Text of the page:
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Publication numberUS3576726 A
Publication typeGrant
Publication dateApr 27, 1971
Filing dateApr 11, 1969
Priority dateApr 11, 1969
Publication numberUS 3576726 A, US 3576726A, US-A-3576726, US3576726 A, US3576726A
InventorsRoy M Cooper
Original AssigneeOlin Corp
Export CitationBiBTeX, EndNote, RefMan
External Links: USPTO, USPTO Assignment, Espacenet
Corrosion resistant coatings for chlorine producing electrolytic cells
US 3576726 A
Abstract  available in
Previous page
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Claims  available in
Description  (OCR text may contain errors)

United States Patent 3,576,726 Patented Apr. 27, 1971 3,576,726 CORROSION RESISTANT COATINGS FOR CHLO- RINE PRODUCING ELECTROLYTIC CELLS Roy M. Cooper, Groton, Conn., assignor to Olin Corporation, New Haven, Conn. N0 Drawing. Filed Apr. 11, 1969, Ser. No. 815,490 Int. Cl. B01k 1 00; C081? 35/02 U.S. Cl. 204-128 7 Claims ABSTRACT OF THE DISCLOSURE Coating compositions are prepared using unsaturated polyesters, vinylaromatics and uncured Dexsil (siloxycarboranyl) polymers and copolymers. The catalysed coating compositions are cured on any of various substrates, particularly the ferrous surfaces of parts of electrolytic cells. The cured coatings resist the wet chlorine gas and chlorine-containing aqueous alkali metal brines in such cells.

This invention relates to novel coating compositions, the method of coating substrates therewith and the coated substrates. More particularly this invention relates to novel coating compositions based on unsaturated polyesters, vinylaromatics and Dexsil (siloxycarboranyl) polymers and copolymers. The resulting coatings are resistant to the action of wet chlorine gas and chlorine-containing aqueous alkali metal chlorine 'brines, for example, in electrolytic chlorine-producing cells.

Chlorine is commercially produced principally by the electrolysis of brine in electrolytic cells. The cells may be of the diaphragm or mercury type. The brine is usually sodium chloride brine, but other alkali metal chlorides, particularly potasium chloride or lithium chloride, are also electrolyzed to obtain chlorine and a caustic alkali. This invention is applicable to the electrolysis of brines of any of the alkali metal chlorides.

Ferrous parts of electrolytic cells are subject to severe corrosion in contact with the gaseous phase by wet, hot chlorine gas and in contact with the aqueous phase by hot, chlorine-containing brine. The sides and tops of mercury cells have for years been rubber lined as shown, for example, in U.S. Pats. 2,334,354; 3,140,991 and 3,198,- 722. While rubber protects the iron for extended periods, it eventually deteriorates until replacement is required. The search for better and cheaper coating materials continues.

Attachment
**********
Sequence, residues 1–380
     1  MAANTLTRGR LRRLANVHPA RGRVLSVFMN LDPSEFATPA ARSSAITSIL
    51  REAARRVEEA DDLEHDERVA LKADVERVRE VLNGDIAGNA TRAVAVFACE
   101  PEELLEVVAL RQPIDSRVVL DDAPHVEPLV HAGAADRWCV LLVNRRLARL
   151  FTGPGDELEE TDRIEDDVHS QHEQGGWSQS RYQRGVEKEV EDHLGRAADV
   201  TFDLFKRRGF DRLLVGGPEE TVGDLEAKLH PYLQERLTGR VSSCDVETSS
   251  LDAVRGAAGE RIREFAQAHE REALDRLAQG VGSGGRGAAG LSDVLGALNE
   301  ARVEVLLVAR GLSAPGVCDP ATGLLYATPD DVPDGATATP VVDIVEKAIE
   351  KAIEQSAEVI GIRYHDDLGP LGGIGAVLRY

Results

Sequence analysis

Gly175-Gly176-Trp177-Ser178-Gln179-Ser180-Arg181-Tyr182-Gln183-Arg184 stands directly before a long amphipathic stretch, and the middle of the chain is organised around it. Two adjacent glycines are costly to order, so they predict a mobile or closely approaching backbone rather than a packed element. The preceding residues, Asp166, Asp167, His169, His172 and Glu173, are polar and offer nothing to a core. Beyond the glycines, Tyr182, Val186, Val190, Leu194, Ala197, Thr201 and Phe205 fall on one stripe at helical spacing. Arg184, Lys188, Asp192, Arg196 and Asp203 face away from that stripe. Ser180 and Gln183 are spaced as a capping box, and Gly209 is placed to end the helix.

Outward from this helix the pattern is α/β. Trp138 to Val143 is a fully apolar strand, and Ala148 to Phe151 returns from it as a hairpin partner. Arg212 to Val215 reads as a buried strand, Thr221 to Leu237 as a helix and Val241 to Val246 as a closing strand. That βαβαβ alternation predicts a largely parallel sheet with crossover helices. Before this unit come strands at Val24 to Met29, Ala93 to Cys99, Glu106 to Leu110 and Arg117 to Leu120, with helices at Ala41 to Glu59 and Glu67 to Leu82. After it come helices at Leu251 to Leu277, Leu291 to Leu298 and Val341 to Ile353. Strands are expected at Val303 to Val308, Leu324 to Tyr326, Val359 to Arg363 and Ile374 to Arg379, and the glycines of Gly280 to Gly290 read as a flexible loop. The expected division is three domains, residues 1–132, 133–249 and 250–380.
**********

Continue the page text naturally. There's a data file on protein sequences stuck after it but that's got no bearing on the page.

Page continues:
Broadly this invention comprises forming a coating composition of three components: (A) an unsaturated polyester, (B) a vinyl cross-linking agent and an uncured Dexsil (siloxycarboranyl) polymer, including mixtures and copolymers thereof, catalyzing and curing the mixture coated on any suitable substrate. The coating composition and the coated substrate are additional aspects of the invention.

More particularly the ratios of the indicated reactants, based on 100 parts by weight of polyester include from about 50 to 200 parts of cross-linking agent and from about to 150 parts of Dexsil polymer. In addition, nominal amounts of peroxy catalyst and metal soap accelerator are incorporated in the coating composition prior to curing. The curing condition are suitably the same as conventionally used for curing polyesters, namely about 150 to 250 F. for one hour or more.

Unsaturated polyesters suitable for use in the present invention are well known to the art and include, for example, glycol esters of unsaturated acids, especially poly (ethylene glycol maleate or furnarate), bisphenol-A fumarate or maleate, diallyl phthalate, diallyl maleate and trisallyl isocyanurate. It is further known to cross-link the unsaturated polyesters with vinyl monomers of styrene, dichlorostyrene, methylstyrene and methyl methacrylate. Methyl ethyl ketone peroxide is the preferred polymerization catalyst but other peroxides and hydroperoxides are suitable. Copper naphthenate and other metal salts of aliphatic and alicyclic acids are known accelerators for the polymerization reaction.

Dexsil polymers suitable for use in the present invention are the uncured siloxycarboranyl polymers prepared as described in detail in U.S. Pats. 3,388,090; 3,388,091; 3,388,092 and 3,388,093 issued June 11, 1968, to Heying et al. Mixtures of the polymers described in the recited patents are also useful. In addition, copolymers formed by using mixtures of the reactant hydrocarbyloxysiloxanes, hydrocarbylhalosiloxanes and hydrocarbylhalosilanes are useful in the present invention. Either the solid or liquid polymers and copolymers are suitable. The liquid forms are advantageous for ease of incorporation with the polyester but the solid forms confer the best thermal and chemical resistance to the final compositions.

In the method of this invention, a suitable proportion of Dexsil polymer is incorporated in the mixture of unsaturated polyester and cross-linking vinyl monomer to form a coating composition. The coating composition is catalyzed with a suitable peroxy catalyst, preferably methyl ethyl ketone peroxide or hydroperoxide and advantageously a metal soap accelerator, for example, copper naphthenate is added. The catalyzed coating composition is applied to any desired substrate and cured by suitable heating, for example, at 180 to 210 F. for 1 hour or more.